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The delta of Sundarbans


The delta of Sundarbans is the largest forest of mangrove swamp of the world. The area extends through Bangladesh and India. It was classified world heritage of UNESCO* (it is even entered twice, one by country).

Geographical map of Sundarbans


The area, which extends on more than 100 km inside the grounds, recovers approximately 10 000 km² of which 60% are located at Bangladesh, the remainder being in India. The northern part of the area, where dominate the thick forests, is almost deserted. The mangrove swamps, located along the coasts, are vastest of the world.

The Sundarbans National Park* have an abundant fauna including of many species of monkeys and snakes, the saltwater crocodiles and wild boars. The area is moreover one of the last refuges of the Bengal tiger* which been the subject there of a program of protection supported by World Wildlife Fund (WWF)*.

Welcome with the national park of Sundarbans in India


The history of the sector of Sundarbans starts, according to what could be found, in 200-300 before Jesus-Christ. The ruins of a city, built by Chand Sadagar, was found in the forest of Baghmara. During the Mogul empire, the rajah Basand Spoke and his nephew found refuge in Sundarbans in order to escape the invasion from Akbar the great*. Several buildings builds during this exile fell later to the hands from the pirates and other smugglers like to the Portuguese soldiers at the 17th century. These facts could be recalled thanks to the ruins of Netidhopani and the other places disseminated in all Sundarbans.

During the Mughal period (1203-1538), the local kings resided in the forests of Sundarbans.

The first authorities on forest management were created in 1869. Sundarbans are declared reserve forest in 1875 under the terms of law VII of the forests of 1865. In 1875, most of the forests of mangrove swamp were added in Sundarbans. The remainder of the forests obtains this same statute the following year whereas they were managed by the district of the civil administration.

The current National park of Sundarbans is declared officially reserve of tigers** in 1973 then animalist reserve in 1977. It is on May 4th, 1984 that it receives the name of National park. It is into 1987 that the park of Sundarbans is registered in the list of the world heritage of the UNESCO* then in 1989 also obtains the statute of biosphere reserve.

Sunset in the park of Sundarbans


The park of Sundarbans is a sanctuary for approximately 400 tigers*. These felid* developed a single characteristic for swimming in water saltworks. In addition to the Bengal tigers*, Sundarbans are also the refuge for the fishing cat*, the macaque, the wild boar, the mongoose, the fox, the Leopard cat, the flying fox, the pangolin, the chital (the latter are abundant in the park).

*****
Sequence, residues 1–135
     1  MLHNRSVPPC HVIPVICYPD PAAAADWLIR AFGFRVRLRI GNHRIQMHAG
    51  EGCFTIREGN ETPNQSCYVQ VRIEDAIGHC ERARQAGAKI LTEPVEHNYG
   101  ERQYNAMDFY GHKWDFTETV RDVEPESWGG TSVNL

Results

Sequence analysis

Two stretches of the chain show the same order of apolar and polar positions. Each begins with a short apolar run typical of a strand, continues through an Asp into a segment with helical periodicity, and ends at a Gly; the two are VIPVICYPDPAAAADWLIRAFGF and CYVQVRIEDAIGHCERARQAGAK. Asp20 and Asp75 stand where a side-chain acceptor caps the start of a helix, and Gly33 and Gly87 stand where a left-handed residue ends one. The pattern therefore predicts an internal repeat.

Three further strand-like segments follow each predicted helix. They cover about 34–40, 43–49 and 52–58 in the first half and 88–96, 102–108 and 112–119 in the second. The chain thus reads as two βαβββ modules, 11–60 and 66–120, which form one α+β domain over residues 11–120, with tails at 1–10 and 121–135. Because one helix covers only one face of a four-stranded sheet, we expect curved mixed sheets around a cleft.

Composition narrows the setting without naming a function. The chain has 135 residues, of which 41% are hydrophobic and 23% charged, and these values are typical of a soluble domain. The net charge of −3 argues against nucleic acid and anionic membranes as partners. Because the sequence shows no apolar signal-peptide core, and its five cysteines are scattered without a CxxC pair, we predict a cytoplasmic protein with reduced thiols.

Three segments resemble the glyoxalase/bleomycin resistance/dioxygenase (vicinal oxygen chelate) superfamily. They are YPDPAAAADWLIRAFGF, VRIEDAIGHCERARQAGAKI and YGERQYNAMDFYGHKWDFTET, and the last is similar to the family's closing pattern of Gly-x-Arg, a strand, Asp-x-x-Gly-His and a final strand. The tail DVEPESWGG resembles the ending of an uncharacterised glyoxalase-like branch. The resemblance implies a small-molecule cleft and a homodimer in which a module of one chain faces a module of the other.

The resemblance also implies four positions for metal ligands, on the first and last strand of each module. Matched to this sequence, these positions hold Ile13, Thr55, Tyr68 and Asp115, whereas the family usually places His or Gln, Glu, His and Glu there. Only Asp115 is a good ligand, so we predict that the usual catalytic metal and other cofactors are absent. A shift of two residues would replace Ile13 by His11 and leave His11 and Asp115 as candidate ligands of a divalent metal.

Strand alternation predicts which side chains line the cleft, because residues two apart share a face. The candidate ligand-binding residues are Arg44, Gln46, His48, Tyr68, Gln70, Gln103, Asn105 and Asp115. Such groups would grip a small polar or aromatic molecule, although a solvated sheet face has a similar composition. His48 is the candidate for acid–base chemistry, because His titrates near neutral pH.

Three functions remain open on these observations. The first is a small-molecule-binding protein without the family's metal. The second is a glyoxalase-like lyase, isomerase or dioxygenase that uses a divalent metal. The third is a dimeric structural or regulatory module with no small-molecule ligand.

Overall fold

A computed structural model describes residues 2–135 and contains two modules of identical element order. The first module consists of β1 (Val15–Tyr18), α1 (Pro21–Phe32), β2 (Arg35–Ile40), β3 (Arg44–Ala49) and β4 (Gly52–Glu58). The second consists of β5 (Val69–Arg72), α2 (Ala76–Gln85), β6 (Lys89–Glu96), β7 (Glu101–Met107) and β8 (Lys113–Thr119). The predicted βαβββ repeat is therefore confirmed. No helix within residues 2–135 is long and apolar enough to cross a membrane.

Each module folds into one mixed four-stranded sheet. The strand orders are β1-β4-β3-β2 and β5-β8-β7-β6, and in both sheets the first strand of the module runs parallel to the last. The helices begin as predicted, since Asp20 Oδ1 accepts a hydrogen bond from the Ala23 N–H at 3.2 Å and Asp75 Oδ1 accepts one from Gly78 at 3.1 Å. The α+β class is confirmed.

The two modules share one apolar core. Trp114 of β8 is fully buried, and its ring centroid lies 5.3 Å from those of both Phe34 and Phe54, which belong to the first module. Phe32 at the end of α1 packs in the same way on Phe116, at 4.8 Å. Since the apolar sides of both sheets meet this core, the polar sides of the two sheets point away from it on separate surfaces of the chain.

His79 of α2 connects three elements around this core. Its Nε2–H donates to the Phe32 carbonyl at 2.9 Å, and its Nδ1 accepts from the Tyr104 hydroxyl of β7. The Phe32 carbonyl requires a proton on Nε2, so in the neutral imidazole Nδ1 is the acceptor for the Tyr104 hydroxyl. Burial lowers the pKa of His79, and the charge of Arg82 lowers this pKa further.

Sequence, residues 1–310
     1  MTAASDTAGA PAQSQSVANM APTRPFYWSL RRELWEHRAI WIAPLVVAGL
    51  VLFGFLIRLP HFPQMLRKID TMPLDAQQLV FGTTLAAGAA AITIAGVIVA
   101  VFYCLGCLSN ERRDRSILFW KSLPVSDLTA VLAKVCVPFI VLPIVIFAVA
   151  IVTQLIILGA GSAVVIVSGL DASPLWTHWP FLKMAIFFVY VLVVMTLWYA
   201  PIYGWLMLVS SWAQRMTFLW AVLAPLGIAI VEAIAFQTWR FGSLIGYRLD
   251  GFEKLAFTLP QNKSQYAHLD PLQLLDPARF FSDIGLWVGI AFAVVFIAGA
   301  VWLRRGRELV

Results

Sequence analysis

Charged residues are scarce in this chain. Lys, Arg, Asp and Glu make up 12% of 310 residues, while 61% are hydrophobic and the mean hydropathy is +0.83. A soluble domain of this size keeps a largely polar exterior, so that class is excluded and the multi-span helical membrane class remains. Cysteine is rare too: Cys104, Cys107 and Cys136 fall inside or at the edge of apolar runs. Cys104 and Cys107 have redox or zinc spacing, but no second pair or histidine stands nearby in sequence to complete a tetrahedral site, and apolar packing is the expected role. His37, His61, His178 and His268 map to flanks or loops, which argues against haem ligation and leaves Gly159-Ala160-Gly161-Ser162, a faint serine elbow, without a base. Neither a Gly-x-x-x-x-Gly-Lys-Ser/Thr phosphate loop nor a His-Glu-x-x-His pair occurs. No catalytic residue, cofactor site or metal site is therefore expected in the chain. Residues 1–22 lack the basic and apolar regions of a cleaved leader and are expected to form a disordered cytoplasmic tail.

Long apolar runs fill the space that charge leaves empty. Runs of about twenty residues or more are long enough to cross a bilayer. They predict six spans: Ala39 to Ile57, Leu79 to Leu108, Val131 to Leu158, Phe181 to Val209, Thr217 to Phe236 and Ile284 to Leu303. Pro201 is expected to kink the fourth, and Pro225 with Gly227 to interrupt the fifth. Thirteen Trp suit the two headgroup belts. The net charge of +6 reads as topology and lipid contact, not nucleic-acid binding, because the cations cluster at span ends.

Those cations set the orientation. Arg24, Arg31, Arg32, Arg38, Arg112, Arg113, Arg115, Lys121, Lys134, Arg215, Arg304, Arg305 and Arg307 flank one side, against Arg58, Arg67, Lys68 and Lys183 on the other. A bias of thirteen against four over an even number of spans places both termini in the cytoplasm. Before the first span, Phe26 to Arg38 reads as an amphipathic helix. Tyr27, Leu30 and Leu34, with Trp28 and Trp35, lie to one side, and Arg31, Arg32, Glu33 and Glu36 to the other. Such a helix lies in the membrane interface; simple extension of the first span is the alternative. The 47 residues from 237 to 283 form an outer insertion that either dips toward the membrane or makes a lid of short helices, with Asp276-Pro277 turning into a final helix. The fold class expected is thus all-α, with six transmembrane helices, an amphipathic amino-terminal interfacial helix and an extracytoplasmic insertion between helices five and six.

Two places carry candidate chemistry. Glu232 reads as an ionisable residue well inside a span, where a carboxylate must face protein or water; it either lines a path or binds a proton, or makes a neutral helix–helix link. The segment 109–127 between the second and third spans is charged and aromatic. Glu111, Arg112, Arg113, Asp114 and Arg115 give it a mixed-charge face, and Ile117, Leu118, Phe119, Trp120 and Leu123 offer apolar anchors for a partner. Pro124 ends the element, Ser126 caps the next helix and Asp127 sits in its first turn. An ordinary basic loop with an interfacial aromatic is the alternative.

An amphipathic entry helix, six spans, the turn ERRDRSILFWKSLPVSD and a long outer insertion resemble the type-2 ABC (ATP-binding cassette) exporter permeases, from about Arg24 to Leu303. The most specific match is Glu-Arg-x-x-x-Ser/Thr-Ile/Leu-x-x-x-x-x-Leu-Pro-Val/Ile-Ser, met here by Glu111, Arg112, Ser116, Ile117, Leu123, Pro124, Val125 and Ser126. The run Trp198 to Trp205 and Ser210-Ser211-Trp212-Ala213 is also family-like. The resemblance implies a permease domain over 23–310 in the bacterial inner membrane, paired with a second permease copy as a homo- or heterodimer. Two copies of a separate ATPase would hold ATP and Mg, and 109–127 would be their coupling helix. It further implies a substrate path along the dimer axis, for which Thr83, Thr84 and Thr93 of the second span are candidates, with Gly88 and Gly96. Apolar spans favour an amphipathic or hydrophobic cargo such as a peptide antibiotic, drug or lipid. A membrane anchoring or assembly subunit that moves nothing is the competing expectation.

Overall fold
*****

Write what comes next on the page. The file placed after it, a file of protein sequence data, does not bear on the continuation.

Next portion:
The tiger of Sundarbans


The vegetation of mangrove swamps of Sundarbans is composed of 64 plant species having the capacity to resist the attacks saltworks due to the tides. In May and April, the red sheets blazing of the genwa (Excoecaria agallocha), the red flowers of will kankra (Bruguiera gymnorrhiza), as well as the yellow flowers of Khasi add more to the beauty of this extraordinary environment. One also finds other plants and trees in the park such as the dhundal, the passur (Xylocarpus mekongensis), the garjan (Rhizophora spp.), the sundari (Heritiera fomes) and the goran (Ceriops will decandra).

The mangrove swamp of Sundarbans


The avifauna of the park of Sundarbans is also very rich in species. For example the Blue-eared Kingfisher is one of the species of birds which one can see in the forest. There are also other more popular birds such as the Asian Openbill, American White Ibis, Common Moorhen, the Coots, the Pheasant-tailed Jacana, the Western Marsh-harrier, Common Myna, the Jungle Crow, the Cotton Pygmy Goose, the Herring Gull, the Caspian Tern, the Grey Heron, the Ruddy Shelduck, the Spot-billed Pelican, the Great Egret, the Black-crowned Night Heron, the Common Snipe, the Wood Sandpiper, the Cormorant, the White-bellied Sea-eagle are examples of species which one can easily find in Sundarbans.

Avifauna of Sundarbans : White-bellied Sea-eagle


Certain fish and Amphibians which one finds in water of the park are the Sawfish, the electric eel, the silver carp, the Common carp, the Ganges River Dolphin, the common toad and the European tree frog.

The aqua fauna of Sundarbans


The Parc national of Sundarbans shelters a certain number of reptiles whose more current are the Kemp’s Ridley, the Sea serpent, the green turtle, the saltwater crocodile, the chameleon, the king cobra, the black rat snake as well as the python.

Photo of a saltwater crocodile in Sundarbans


The species threatened of extinction which live in Sundarbans are the Bengal tiger*, the saltwater crocodile, the Batagur baska, the Kemp’s Ridley, the Ganges River Dolphin, as well as the horseshoe crab.

Animal species threatened in Sundarbans


Although an increased protection is installation within the park, the personnel must still face the threats of poaching and inopportune deforestations. The staff shortage, of infrastructures as well as the lack of financial funds are the independent factors of the continuity of the sacage.

Fairy-like landscape of the national park of Sundarbans

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